Digital Geography

3. November 2013

georeferencing images in QGIS using OSM data: how to distort the City

You probably already referenced maps with written coordinates but using photos or images is a little different as you need some characteristic points so you can control the position of the image according to the real world. In this little tutorial I’ll show you how to do a so-called image to image refernciation using Open Streetmap data and QGIS 2.0.1 Dufour.


What we will use is an image from the BVG the public transport agency of Berlin which shows the lines of city- and underground trains in Berlin and surrounding areas:

small version of the public transport system plan of Berlin

As you can see it’s a generalized map and we will certainly distort the image by draping it over real world data. You can download a high-res version here (attention 69 mb!).

the georeferenciation

Open up QGIS and start the openlayers plugin. Make sure that the project has UTM coordinate system of your location (EPSG: 32633 in my project WGS84 UTM Zone  33N) as coordinate reference system (CRS). The OpenStreetMap (OSM) base layer is referenced to EPSG 3857 but is rendered to fit the 32633. The difference: using 4326 as the CRS you will get coordinates like 13,15265° and not 2345624.13214 which is a relational coordinate comparable in UTM system but is has meters as unit which is very nice to handle. For some performance issues I am using the OpenCycle version of OSM as it renders a little faster.
Next open up the Georeference using Raster->Georeferncer and use CTRL+O to open a new unreferenced raster in the Georeferencer. Now we need to find some well distributed points or “crossings” in our map and find the corresponding position in the OpenCycleMap. If you have a point, use the CTRL+A to add a control point. In the dialogue for this point use From map canvas to get the coordinate for this point:

first dialogue: use map coordinates

Now search for this selected place on the OpenCycleMap and select this point. If you need to pan or zoom on the OpenCycleMap you will loose this selector option. Just switch tabs again and press once more on From map canvas.
If you have selected the correct point in te map you will get an entry in the list of ground control points which translates original XY coordinates (more or less pixel numbers) to real-world coordinates:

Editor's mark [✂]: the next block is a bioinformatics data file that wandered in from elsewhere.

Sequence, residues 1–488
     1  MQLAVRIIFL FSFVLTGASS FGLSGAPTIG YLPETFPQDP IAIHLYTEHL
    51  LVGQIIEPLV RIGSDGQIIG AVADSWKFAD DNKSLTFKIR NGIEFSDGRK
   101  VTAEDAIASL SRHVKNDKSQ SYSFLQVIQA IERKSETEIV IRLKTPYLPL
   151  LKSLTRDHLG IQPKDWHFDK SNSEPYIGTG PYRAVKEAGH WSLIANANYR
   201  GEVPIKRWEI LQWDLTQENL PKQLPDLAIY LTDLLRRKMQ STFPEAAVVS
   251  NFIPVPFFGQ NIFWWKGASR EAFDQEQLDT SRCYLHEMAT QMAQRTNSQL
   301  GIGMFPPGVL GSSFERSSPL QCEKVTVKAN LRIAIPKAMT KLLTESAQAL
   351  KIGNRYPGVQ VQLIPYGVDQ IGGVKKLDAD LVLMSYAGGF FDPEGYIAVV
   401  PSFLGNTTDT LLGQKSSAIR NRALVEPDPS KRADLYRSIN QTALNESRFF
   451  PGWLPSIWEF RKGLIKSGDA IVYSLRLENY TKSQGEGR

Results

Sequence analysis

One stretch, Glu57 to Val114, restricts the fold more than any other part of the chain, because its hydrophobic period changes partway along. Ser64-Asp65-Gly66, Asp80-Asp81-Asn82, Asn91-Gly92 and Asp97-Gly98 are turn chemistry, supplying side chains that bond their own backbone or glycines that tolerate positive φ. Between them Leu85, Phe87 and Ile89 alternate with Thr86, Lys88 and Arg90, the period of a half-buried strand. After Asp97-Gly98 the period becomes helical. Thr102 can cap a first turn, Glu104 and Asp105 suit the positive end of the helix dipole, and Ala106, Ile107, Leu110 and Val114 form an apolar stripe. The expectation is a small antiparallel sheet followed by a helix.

Table of Ground Control Points with old and new coordinates

It is always said use as lots of points as possible. Of course: linear transformation only needs 2 points, polynomial transformation with 1 degree needs 3 points and so on.
I will now go on after I’ve set 13 GCPs in my project. Let’s choose the transformation now:

transformation dialogue

As you can see I am sticking with nearest neighbour interpolation. You can definitely choose cubic or something so the picture would not look so blocky. The main difference in tranformation type is shown in this ESRI image:


affine (polynome first order), and higher order polynomial transformations

After setting the transformation properties, resampling method, output name and target SRS (coordinate system) you can press okay. All settings are made and by pressing CTRL+G (the “play” button) the image is referenced and stored in the desired location.


Lets face the different results. I’ll leave the interpretation to you. We will start with an overview animated GIF:

animated overview gif: polynomial 1, 2, 3 and spline interpolation results (click to enlarge (2.4mb)

You can see the different degrees of distortion. Polynomial transformation with a third degree polynom has also some strange behaviour at the borders.
Now let’s have a look at the details in the lower section of the image:

animated overview gif: polynomial 1, 2, 3 and spline interpolation results (click to enlarge (2.4mb)

Now: happy georeferencing!!!